We make most of our reservations online so that’s pretty simple. When we check in the park members welcome us with a friendly smile. From there we’re on your own! As long as you follow the basic park rules (quiet after 11pm, etc..) there are no hassles, no knock on the door, or anything. The same goes for the neighbors. As I mentioned they’re friendly – but most aren’t nosey. We’re pretty busy and enjoy a little privacy, so this aspect of the lifestyle works for us.
#4 – We’re usually immersed in nature
As you can tell by now, we love the great outdoors. Most of the parks we stay in are located down bumpy back roads in fairly remote locations – and we prefer it that way! These ‘preserves’ are often hundreds of acres in size, and devote a relatively small area to campsites. We rarely hear road noise, and usually wake up to the pleasant sounds of tweeting songbirds.
When you live in an RV your patio is only a few steps away – and we take advantage of that by eating almost every meal and drinking every beverage (coffee & beer) outside. We love to grill and have picnics, too. On workdays our morning outdoor ‘coffee time’ replaces our commute and gives us a chance to chat – and we work outside sometimes too. We also bring our cat outside – and enjoy taking her on walks in her kitty backpack or with her harness.
#5 – We like the adventure of visiting new parks
As we usually reserve our RV parks ahead of the time we have an idea of cell service, site choices, full or partial hookups, size, and proximity to towns that we’ll encounter. However, each new park brings a new experience.
RV Parks are very different from one to the next, and we enjoy the variation. For example: when we first started RVing we moved into a well-run, traditional RV park. It had an orange tree in each site, well-manicured lawns, sprinklers, sign posts, a laundry — and was in walking distance to a quaint little town.
When we hit the road one of the first places we stayed was quite the opposite! Cactus RV Park was located on historic Route 66 in Tucamcari, NM. The ‘park’ was situated in the parking lot of an old, run-down motel with boarded-up windows. It felt a bit creepy at first, but we still had our home with us so we felt safe.
We walked Route 66 that night and took pics of old neon-lined motels and restaurants. We watched a group of bikers, holed up in one old motel, barbecuing and listening to tunes. It turned out to be a fun and unique experience!
#6 – We’re often near desirable destinations
Because we need to work during the week, we don’t often stay inside national parks since most have no or little cell-service. That said, we’ve camped close to Zion National Park, near Vancouver, on ocean bluffs overlooking the Oregon Coast, in Wine Country, in the rolling hills of Vermont, near Disney World, at the Gateway of Cape Cod, and so many other cool places.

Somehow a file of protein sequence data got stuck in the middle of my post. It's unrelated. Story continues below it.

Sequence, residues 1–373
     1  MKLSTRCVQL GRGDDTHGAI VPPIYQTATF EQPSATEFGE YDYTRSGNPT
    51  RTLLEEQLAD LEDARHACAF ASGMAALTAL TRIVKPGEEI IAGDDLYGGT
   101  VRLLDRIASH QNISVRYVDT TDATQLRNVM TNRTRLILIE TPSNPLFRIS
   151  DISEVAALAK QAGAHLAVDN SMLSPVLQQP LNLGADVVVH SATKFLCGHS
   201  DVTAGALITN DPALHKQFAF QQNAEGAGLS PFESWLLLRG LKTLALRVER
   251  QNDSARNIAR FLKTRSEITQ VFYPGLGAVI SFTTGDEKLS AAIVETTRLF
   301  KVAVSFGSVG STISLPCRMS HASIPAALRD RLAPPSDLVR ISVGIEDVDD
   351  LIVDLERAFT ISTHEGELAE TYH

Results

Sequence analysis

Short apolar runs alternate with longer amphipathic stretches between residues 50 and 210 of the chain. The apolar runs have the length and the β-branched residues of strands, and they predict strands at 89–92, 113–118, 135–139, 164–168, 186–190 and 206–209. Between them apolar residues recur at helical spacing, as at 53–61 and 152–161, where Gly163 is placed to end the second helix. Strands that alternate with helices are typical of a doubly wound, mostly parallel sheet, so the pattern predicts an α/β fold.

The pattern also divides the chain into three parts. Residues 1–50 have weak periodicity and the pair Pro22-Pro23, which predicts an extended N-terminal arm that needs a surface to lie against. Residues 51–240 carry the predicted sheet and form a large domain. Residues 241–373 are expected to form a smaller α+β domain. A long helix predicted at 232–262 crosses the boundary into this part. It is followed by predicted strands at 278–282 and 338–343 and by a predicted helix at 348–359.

On our weekends and evenings it’s easy to head to a nearby destination. We may take a great hike, see the sights, go for a bike ride or paddle, or just meander around for the afternoon.
Essentially, home is where we take our RV, and that’s often in desirable vacation destinations. Even when we’re not in a ‘destination’ there is always something to explore, learn about, and appreciate in any area. We love history and culture and I’ve learned a lot in little towns that were off the beaten path – and in cities alike.
#7 – RV Campgrounds are everywhere!
I grew up as a bi-coastal child. When I was younger we lived in CA, and at school-age we moved to MA. Today I’m still bi-coastal at heart and I appreciate so many parts of the U.S. We don’t really know where we’d settle if we stopped traveling – and for the foreseeable future we don’t need to decide. We can visit the Southeast for the winter, the Northeast for the summer, and meander around areas in between. Plus Rich and I have family and friends around the country, and we love to visit them during our travels.
#8 – We’re in a village
RV Campgrounds are like compact little villages. They have laundromats, sports courts, pools, and hot tubs. They also have lodges where you can do puzzles, watch a sports game, play game of pool or poker, and enjoy other social and holiday events. They also offer movie rentals and grocery stores, and many even have a gym.
This setup is handy for us when we’re working, since we can just stay in the park for days at a time. I think we stayed inside one park for an entire week without leaving!